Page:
Road Trip the First

Trip Start Dec 03, 2004
Trip End Nov 31, 2005

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Flag of Australia  ,
Sunday, April 24, 2005

We checked out of the hostel in Perth early in the morning and I got my first chance at driving the Commodore. The power steering was completely broken so it was hellishly hard to get it to turn corners and within five minutes Ian's navigation had me stranded trying to do an awful three-point turn in a dead end. But five minutes later Ian suggested we try putting some fluid into the power steering thingy (look, I'm not good with technical terms, okay?) and as we took off from the petrol station I was whooping: "It drives! This thing really drives!" And soon we were out of Perth and heading north towards our first stop, Geraldton. I drove for the first half of the day and learned all about the joy of attempting to overtake very slowpokey drivers in caravans or people pulling boats. And the joy of the smell that is made by rotting roadkill.

I drive wondering if the bit roadkill I've just passed is a lion's tail---impossible, I suppose---or a kangaroo's innards. I'm just hoping I won't hit any of my own. Ian passes out in the back seat. Donna tells me about the state flowers of each state, and the state animals. They swap. Ian and I continue our ongoing argument about corporal punishment for children, and whether it's necessary. Donna passes out in the back.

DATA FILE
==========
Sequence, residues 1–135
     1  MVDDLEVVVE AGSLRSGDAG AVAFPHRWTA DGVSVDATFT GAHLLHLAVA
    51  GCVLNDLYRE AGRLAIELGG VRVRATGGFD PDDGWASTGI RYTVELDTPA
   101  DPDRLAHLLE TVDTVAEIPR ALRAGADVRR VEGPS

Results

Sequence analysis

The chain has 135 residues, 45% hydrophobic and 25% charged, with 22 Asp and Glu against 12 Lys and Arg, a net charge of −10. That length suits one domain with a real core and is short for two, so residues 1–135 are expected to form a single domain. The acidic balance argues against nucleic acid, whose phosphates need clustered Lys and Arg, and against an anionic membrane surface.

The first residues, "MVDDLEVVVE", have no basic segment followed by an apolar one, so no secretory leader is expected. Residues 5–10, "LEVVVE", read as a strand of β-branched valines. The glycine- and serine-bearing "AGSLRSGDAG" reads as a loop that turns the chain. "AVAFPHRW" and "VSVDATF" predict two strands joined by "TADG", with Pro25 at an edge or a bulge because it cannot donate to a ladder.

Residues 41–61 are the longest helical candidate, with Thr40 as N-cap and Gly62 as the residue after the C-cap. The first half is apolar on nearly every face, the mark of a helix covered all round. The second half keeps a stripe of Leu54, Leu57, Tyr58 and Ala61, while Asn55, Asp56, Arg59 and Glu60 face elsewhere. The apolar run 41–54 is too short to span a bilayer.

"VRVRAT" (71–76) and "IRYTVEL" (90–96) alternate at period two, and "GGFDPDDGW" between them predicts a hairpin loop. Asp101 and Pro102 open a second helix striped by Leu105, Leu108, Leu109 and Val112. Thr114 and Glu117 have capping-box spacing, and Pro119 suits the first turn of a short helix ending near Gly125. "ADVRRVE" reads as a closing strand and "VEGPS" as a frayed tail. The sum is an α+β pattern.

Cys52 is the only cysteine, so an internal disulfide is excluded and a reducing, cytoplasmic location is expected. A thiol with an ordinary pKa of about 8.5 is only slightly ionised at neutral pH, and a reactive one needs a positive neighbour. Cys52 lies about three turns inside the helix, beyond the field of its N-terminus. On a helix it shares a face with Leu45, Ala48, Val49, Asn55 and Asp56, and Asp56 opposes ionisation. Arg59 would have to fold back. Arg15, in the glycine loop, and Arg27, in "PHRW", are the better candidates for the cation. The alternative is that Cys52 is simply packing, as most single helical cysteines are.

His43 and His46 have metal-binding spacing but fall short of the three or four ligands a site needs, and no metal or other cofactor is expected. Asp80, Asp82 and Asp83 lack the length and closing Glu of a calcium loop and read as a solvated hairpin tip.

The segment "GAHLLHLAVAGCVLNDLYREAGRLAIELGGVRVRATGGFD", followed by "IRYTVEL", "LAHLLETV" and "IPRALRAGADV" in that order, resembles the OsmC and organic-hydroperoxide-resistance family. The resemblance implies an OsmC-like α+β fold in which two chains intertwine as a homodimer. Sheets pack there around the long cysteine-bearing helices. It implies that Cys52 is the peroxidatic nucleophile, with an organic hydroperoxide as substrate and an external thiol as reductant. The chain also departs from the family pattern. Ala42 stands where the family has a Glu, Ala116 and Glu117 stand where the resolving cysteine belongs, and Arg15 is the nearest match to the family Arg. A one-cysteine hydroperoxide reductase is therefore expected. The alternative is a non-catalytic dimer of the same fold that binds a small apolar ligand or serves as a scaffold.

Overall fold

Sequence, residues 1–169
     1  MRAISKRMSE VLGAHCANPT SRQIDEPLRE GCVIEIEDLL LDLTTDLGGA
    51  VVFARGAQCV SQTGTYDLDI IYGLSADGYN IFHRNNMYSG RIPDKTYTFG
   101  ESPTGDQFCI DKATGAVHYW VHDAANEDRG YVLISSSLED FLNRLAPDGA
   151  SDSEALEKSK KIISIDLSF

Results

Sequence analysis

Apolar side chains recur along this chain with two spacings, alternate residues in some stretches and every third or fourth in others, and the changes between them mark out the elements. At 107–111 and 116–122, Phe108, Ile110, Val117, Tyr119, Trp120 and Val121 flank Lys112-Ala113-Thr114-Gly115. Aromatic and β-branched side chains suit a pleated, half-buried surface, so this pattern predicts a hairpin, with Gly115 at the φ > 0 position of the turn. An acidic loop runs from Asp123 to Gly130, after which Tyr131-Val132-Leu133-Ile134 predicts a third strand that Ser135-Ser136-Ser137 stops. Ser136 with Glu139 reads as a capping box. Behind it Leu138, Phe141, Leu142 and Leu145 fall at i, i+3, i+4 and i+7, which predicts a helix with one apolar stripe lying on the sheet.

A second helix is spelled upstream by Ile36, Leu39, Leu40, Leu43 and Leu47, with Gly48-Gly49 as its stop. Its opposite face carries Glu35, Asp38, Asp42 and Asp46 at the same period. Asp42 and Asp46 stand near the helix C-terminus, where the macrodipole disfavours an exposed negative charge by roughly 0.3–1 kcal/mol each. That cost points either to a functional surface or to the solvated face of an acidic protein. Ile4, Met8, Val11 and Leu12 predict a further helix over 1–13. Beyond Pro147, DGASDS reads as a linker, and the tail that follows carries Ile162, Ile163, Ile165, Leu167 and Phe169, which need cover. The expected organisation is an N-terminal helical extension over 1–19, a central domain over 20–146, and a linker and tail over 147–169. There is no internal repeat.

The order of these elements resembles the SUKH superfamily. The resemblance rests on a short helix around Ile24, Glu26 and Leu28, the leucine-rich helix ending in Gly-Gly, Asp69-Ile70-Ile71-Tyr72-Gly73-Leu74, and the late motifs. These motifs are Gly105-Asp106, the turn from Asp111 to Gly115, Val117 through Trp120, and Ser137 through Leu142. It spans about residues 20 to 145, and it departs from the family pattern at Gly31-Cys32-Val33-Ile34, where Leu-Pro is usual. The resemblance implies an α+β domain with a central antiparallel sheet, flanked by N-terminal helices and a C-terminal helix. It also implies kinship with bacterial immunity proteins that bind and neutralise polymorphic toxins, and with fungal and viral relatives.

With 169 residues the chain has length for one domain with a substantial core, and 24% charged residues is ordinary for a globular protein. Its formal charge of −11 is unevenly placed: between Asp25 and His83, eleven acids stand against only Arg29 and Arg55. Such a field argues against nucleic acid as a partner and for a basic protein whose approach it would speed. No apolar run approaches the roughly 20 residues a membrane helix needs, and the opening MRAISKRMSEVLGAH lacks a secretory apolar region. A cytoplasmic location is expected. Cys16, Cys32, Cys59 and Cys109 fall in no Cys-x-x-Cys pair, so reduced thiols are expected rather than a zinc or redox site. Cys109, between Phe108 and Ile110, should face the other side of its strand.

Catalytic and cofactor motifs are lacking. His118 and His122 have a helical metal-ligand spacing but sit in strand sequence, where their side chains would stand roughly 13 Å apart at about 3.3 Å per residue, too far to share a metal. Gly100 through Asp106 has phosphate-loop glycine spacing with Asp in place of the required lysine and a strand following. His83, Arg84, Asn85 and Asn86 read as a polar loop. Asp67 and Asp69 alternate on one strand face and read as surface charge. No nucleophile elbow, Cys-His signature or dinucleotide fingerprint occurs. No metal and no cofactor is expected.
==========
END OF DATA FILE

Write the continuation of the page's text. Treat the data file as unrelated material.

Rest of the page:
We rock up to the small coastal town of Cervantes for lunch. Cervantes is famous for one thing: being the only town near the Pinnacles, which are famous for being 400 hectares of phallic looking rocks randomly littered in the desert. They're a long way to go out of the way, but it's something you have to tick off as having seen on the way up the coast, so we do. It's a long and winding road to drive up there, hot and sweaty, and I'm feeling nauseous by the time we get there, so that's when we swap over drivers. We drive around the rocks taking silly photos and laughing at the absurdity of what makes a tourist attraction. They really are just some pointy rocks in the sand . . . and yet there's the weird appeal of "what on God's green earth made these things appear here?" We never do find out because we're too lazy to read the long description involving limestone and sand and eons of time that comes with the brochure at the entry.

Finally, later that afternoon, we pull up in Geraldton. It could be a nice place, it's hard to tell; it's grey when we get there and the hostel is big, ramshackle, empty. They've got ping pong, though! We love ping pong. Ian has a go at me for eating chips before dinner and ruining my appetite for whatever great creation he's made this time. Then I almost beat him at pool. It's just like another night in Busso, but somewhere else.
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